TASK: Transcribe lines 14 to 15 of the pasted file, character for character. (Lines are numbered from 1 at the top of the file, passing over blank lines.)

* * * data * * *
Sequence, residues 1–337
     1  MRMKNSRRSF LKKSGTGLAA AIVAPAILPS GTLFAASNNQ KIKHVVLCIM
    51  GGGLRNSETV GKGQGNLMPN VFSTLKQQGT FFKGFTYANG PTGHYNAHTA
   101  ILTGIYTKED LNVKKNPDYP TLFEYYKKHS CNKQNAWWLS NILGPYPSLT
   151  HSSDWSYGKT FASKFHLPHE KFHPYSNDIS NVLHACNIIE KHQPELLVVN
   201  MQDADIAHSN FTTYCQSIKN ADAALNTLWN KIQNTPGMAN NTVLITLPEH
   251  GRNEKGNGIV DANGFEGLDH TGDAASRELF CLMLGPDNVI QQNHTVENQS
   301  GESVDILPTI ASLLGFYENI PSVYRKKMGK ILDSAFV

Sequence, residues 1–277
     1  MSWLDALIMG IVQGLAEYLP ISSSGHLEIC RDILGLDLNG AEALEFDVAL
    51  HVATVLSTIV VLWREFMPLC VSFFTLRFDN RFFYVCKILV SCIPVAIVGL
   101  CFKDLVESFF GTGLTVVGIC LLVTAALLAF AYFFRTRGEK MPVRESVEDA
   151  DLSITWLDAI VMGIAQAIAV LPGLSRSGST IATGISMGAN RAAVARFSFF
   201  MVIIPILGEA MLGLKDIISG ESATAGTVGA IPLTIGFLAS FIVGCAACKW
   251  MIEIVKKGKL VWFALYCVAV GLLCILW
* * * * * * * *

   201  MVIIPILGEA MLGLKDIISG ESATAGTVGA IPLTIGFLAS FIVGCAACKW
   251  MIEIVKKGKL VWFALYCVAV GLLCILW